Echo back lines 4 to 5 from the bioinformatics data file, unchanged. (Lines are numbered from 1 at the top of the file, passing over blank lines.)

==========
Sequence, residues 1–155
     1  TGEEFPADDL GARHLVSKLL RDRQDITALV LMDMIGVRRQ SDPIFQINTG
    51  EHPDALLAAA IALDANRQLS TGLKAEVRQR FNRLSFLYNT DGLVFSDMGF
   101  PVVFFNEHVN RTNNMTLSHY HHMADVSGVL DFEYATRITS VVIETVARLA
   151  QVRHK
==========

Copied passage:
   101  PVVFFNEHVN RTNNMTLSHY HHMADVSGVL DFEYATRITS VVIETVARLA
   151  QVRHK